Thus, we need to forget about focusing on finding terrorist tools, such as guns, and spend more time focusing on finding students walking the line between rationality and irrationality who are determined to pick up and use such a tool with evil intent.

Andrew Pollack, whose teenage daughter was a victim of the 2018 Parkland, Florida, school shooting, underscored this. He recently told Fox News that focusing on gun control is not a viable solution. He believes nothing has been learned from school shootings as the focus is too political and remains centered on gun laws. Pollack went on to say that warning signs were there that people should have picked up on. “I guarantee you,” he explained, “this kid (Ramos) didn’t just wake up one day and say I want to kill my grandma.”

Ever since the 1970s, the FBI began using a tool it developed to identify possible suspects in various types of violent crimes. Known as “profiling,” it focused on major personality and behavioral characteristics of individuals committing certain types of crimes. Half a century later, profiling’s accuracy is mind-blowing. Yet, to date, there seems to have been little concerted effort to develop a teaching program for school faculties to feed them the behavioral characteristic to be on the lookout for.

We hear that it is difficult to develop such a profile for school shooters. But there are common threads or even less common threads which, by their very nature, should raise a red flag. FBI Agent Brad Garrett tells us there is a clear profile “with some variations” that always leaves “a trail of what they’re about to do.”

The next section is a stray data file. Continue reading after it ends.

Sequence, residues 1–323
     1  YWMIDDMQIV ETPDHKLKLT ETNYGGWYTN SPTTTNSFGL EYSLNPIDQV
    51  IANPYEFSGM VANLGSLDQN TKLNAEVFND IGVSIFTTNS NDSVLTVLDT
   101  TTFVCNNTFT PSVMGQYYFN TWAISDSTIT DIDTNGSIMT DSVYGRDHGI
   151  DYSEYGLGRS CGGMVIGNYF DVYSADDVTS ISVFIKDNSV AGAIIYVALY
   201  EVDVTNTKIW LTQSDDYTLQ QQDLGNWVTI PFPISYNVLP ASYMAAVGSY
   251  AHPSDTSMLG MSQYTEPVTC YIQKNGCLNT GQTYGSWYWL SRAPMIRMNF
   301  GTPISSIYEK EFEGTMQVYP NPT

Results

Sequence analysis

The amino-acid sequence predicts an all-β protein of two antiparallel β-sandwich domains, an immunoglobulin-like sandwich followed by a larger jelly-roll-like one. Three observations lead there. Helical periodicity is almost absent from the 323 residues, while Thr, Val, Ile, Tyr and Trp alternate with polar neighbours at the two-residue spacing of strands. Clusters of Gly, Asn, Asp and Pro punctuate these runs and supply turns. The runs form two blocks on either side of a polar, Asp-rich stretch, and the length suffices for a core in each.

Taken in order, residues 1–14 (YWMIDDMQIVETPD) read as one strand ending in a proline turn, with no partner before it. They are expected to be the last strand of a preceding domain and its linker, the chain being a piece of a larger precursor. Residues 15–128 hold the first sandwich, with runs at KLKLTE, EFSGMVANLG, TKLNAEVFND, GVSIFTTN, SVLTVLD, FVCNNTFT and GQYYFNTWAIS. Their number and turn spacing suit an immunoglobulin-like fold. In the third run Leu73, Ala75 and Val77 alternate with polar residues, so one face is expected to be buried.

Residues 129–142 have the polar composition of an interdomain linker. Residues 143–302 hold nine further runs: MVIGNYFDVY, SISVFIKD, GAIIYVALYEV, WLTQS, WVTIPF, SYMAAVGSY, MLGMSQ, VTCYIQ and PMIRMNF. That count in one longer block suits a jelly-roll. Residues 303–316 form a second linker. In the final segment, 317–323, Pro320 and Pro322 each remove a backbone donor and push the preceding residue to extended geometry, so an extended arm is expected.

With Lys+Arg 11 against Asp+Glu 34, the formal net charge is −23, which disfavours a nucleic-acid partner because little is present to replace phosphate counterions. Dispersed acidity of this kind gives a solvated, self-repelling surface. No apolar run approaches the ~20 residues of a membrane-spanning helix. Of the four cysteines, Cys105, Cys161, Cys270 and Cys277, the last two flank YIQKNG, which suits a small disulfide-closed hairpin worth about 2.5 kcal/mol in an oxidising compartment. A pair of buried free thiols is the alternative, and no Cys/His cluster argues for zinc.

Universal characteristics among school shooters, no matter what their socioeconomic status, include “depression, anger and rage toward other” as well as careful planning. They also have “a loss of purpose” as “they just don’t know what they’re on the earth for.”

Nikolas Cruz, the Parkland shooter, displayed these signs and others. He had been expelled from school; he loved talking about guns, wars and terrorists; he posted photos of weapons on social media; neighbors described him as “aggressive” and “psycho” and prone to attack pets.

Former FBI Agent Steve Gomez explained such “signs can start at a fairly early age” and “tend to show that they’re outcasts in society.” They appear to be loners as they “have difficulty establishing and maintaining friends and social relationships. And oftentimes you find that as a result of that they are either being bullied or are a bullier.” Gomez adds that violence against animals is a definite red flag for a potential school shooter.

The reality that school shootings will not be inhibited by gun control laws is finally starting to set in for some. Some schools are redesigning campuses to minimize casualties in the event of a mass shooting. For example, Fruitport, Michigan, will spend $48 million to redesign its high school campus to include curved hallways – shortening a shooter’s line of sight – hidden wing walls to provide more hiding places, an alarm and lockdown system to isolate a threat at the touch of a button, etc.

How many more school shootings will there have to be before our politicians focus on what really needs to be done to stop all such killers regardless of their weapon of choice?